At the same time, however quick and disruptive, contemporary rural urbanization has created new contexts: peri-urban places where urbanity and rurality coexist. These places have seen substantial population expansion, land use pressures, and dramatic socio-demographic changes. However, a network of productive farms remains in these places, and food supply lines remain crucial and dynamic. Peri-urban regions, in my opinion, offer a fresh location to begin rethinking circumstances for re-establishing and improving links between urban and rural areas. These are the places where social innovations appear to occur and inspire the creation of new socio-economic dynamics, in which the function of agricultural operations and relationships between farmers and non-farmers has taken on diverse implications. In certain locations, for example, the condition ‘peri-urbanity’ has grown structurally prominent in relation to the ‘extreme circumstances’ of urbanity and rurality, to the point that some writers have established the notion of an urban-rural agro-ecosystem or rural-urban bioregion.
All of these scholars emphasize a unique structural relationship between rural and urban regions that happens via peri-urban territories. Elements of the rural system have swiftly been incorporated in or intermingled with, a growing urban system in peri-urban regions. Examples include green belts of farmland that are still in place and provide agro-ecological services; farming activities that preserve agricultural land use and provide open space for recreational purposes, clean water, and air; and flourishing short supply chains and community-based agriculture, which connect producers and consumers in novel relationships. All of these socio-ecological conditions constitute peri-urban regions, and agricultural operations in these areas are referred to as urban or peri-urban agriculture. Instead of the typical urban/rural dichotomy or division, there is a convergent approach in recognizing a ‘continuum’ between rural and urban regions. The study of the creation and stabilization of periurban zones during intense urbanization processes extends beyond issues of rural-urban connections. These ‘new’ socio-ecological spaces allow us to rethink how agricultural and food provisioning operations might be utilized to establish patterns of sustainable development in an increasingly urbanized society. Although vital agriculture and rural communities can help to mitigate the disruptive impact of urbanization on socio-ecological processes, there is mounting evidence that urban and peri-urban agriculture risk following existing processes of further resource-use intensification, potentially exacerbating rather than mitigating socio-ecological tensions in cities.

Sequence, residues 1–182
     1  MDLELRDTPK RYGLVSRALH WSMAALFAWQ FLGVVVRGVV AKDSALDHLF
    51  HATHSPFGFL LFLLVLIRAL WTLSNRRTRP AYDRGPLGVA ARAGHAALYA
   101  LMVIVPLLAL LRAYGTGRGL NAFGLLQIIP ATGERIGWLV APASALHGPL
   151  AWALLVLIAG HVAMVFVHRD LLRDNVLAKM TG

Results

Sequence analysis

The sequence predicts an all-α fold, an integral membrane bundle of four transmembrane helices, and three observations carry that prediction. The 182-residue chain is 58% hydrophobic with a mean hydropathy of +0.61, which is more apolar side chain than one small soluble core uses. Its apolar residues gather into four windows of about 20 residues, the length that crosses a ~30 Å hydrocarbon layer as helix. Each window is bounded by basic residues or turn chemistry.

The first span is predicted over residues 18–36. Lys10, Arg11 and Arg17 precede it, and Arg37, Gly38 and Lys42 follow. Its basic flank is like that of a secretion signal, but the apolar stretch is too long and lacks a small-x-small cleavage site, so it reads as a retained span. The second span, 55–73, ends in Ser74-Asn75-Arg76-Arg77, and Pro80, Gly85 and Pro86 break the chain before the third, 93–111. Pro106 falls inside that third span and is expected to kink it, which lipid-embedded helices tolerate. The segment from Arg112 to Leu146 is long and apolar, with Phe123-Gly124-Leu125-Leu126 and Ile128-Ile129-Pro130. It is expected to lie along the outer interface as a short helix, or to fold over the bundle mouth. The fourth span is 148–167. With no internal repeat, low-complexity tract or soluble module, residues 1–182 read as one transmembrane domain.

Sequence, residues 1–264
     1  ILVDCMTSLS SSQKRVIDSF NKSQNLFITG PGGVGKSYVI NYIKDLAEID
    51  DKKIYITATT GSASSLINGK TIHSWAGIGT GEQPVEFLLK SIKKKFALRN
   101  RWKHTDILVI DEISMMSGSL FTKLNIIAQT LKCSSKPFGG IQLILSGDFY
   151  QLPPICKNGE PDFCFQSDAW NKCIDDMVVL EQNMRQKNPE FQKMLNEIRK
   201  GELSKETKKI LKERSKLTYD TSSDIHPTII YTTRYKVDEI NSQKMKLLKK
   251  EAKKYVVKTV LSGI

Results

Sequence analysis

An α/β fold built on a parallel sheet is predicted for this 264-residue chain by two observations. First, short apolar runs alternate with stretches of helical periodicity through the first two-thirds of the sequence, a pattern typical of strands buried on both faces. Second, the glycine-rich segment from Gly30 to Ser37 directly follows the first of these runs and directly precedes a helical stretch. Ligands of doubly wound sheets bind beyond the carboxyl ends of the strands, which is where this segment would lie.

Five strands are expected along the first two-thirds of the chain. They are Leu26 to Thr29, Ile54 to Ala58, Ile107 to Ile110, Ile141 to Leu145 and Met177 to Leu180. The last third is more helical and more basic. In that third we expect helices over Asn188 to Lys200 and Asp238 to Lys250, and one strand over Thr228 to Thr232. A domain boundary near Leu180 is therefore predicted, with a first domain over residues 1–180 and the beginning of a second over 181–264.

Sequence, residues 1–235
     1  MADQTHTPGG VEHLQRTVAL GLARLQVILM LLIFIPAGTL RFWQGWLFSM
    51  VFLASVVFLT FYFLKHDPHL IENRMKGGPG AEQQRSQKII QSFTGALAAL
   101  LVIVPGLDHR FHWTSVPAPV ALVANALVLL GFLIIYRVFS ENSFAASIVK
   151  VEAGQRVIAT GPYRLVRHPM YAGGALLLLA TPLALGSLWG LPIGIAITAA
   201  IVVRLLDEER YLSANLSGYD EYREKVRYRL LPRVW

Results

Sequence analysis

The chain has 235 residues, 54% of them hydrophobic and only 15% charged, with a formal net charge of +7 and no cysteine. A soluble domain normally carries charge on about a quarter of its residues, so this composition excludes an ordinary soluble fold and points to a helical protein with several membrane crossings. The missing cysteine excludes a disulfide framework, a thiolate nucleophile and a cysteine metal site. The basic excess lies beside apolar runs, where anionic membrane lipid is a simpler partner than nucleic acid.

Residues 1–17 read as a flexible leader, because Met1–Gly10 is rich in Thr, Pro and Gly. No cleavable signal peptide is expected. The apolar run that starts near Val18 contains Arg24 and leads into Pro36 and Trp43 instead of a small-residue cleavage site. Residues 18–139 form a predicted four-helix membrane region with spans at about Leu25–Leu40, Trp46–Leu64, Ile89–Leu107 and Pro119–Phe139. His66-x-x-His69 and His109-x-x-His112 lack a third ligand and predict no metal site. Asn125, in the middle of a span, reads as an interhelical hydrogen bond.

In reality, the same concepts and methods that build industrialized agriculture in rural regions can affect urban and peri-urban agriculture. The presence of agriculture and food supply in the peri-urban setting does not automatically promote city resilience, food security, health, and sustainability. Most likely, the reverse is true. So, how can we redesign urban agri-food systems without harming human health or ecosystems? How can we re-establish effective and regenerative natural resource networks between rural and urban areas? What role may peri-urban regions play in this process?